Canucks Gamble On Nils Åman Is Paying Off

One of the positive surprises this season has been the play of rookie Nils Åman. A player who was not expected to make the Vancouver Canucks out of training camp, he has been a fixture in the team’s bottom six over their first 17 games of the 2022-23 season. He is reliable in his own end and has shown he has some offensive skill with four points so far.

Åman’s Journey to Canucks Regular

Originally drafted by the Colorado Avalanche 167th overall in the 2020 NHL Entry Draft, Åman was left unsigned, which made him available to the Canucks this offseason. He spent the last few seasons with Leksands IF of the Swedish Hockey League (SHL) and was part of Sweden’s World Championship Team in 2022. Despite not being a point producer since his days in the J20 Swedish league, Vancouver general manager Patrik Allvin liked what he saw and made him the second free agent signing by the organization since his arrival.

Nils Aman Vancouver Canucks
Nils Aman, Vancouver Canucks (Amy Irvin / The Hockey Writers)

After strong showings at the Young Stars tournament and throughout the preseason, Åman earned his place on the roster. Regarded as a two-way player, he was able to impress Canucks management by showing off his strong defensive play and ability to make smart plays while not turning the puck over. This made him a perfect fit for Vancouver’s bottom six, which he has been a mainstay in since.

Åman’s Early Season Numbers

For a player who mostly plays a fourth-line role, Åman has had a very strong start to the season. He has been on the ice for more goals scored than goals given up at even strength (4-3) and has created more turnovers than given the puck away (3-1). As for blocked shots, he sits sixth on the team at even strength with 13 and has shown some physicality with 10 hits. The most surprising statistic, however, is that he has been credited with six individual high-danger chances created, which is tied for ninth with J.T. Miller, Connor Garland, Tanner Pearson, and Curtis Lazar. As far as his counting stats at even strength, he has been one of the most consistent forwards on this team, considering what his role is.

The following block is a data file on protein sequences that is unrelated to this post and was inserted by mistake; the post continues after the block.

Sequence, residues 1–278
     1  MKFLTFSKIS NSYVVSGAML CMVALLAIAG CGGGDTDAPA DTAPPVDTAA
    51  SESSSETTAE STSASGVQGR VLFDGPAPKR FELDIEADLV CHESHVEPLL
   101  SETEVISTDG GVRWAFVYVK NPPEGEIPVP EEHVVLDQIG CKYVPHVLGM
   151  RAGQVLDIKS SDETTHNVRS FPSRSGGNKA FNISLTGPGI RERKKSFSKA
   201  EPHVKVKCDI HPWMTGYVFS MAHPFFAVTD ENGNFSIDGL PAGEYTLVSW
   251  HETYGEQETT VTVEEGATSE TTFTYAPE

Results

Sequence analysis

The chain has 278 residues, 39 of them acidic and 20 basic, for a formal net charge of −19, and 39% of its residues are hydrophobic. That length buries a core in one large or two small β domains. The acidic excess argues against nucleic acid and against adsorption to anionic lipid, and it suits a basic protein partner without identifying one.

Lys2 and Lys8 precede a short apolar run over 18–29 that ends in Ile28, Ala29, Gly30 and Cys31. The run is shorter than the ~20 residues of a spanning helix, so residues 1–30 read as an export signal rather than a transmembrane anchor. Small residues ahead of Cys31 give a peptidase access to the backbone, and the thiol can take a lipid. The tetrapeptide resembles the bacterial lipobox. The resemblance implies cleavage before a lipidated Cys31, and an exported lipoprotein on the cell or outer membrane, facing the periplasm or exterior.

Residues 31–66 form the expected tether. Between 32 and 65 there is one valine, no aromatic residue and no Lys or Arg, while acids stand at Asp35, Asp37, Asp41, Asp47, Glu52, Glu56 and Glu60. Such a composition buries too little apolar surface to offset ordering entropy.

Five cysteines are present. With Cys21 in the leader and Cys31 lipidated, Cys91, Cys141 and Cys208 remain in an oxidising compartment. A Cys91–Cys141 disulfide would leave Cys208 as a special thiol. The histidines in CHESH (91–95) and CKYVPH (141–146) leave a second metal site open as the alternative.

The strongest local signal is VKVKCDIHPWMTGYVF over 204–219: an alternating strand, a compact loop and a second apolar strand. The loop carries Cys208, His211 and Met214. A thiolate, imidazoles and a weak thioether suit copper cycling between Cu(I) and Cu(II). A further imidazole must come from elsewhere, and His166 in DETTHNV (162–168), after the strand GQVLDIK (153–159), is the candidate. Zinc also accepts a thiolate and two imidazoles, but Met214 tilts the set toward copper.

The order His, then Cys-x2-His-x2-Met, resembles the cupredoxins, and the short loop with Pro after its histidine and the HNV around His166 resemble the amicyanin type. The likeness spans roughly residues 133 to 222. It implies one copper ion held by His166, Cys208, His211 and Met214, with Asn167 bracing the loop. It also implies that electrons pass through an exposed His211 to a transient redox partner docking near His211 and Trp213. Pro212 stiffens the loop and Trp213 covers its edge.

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Åman has also had some success on the penalty kill early in his NHL career. In just over 18 minutes of ice time, he has helped hold the opposition to four goals allowed on 14 shots with a 1.79 expected goals allowed. He has also blocked three shots and limited the opposition to eight high-danger chances. This Canucks penalty kill has been historically bad this season, but the young Swede’s work so far while shorthanded has been a bright spot for Vancouver.

The one area where Åman needs to improve is faceoffs. Really, anyone not named Bo Horvat needs to improve their faceoffs skills, but for the 22-year-old, this has been a major problem. So far, he has taken 128 faceoffs and won only 48 or 37.5%. While he is ok in the neutral zone with a 44.3% win percentage, he has a 27.5% win percentage on 40 defensive zone faceoffs. Winning faceoffs in the NHL is a skill that sometimes takes more time to develop, but this is a seriously concerning area of his game that needs to be improved if he wants to have success as a centerman at this level.

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Åman doesn’t get many offensive opportunities as most of his time is spent in the defensive zone, but one thing to watch as the season continues is if he can generate offence consistently. While he does have 11 even-strength shots on goal so far this season, four came in one game. On the Canucks recent road trip, the only game he managed a shot on goal in any situation was their win against the Buffalo Sabres. This will be one trend to watch as Vancouver gets deeper into its schedule and he gets more used to playing on the North American ice surface.

Canucks Gamble Pays Off

The Åman signing is the perfect example of what the Canucks should be doing. Bringing him over to North America was a gamble, but in the end, it paid off. He is young and, most importantly, makes less than $1 million. While it is still early, it is safe to say that signing the young Swede was one of Vancouver’s best off-season moves.

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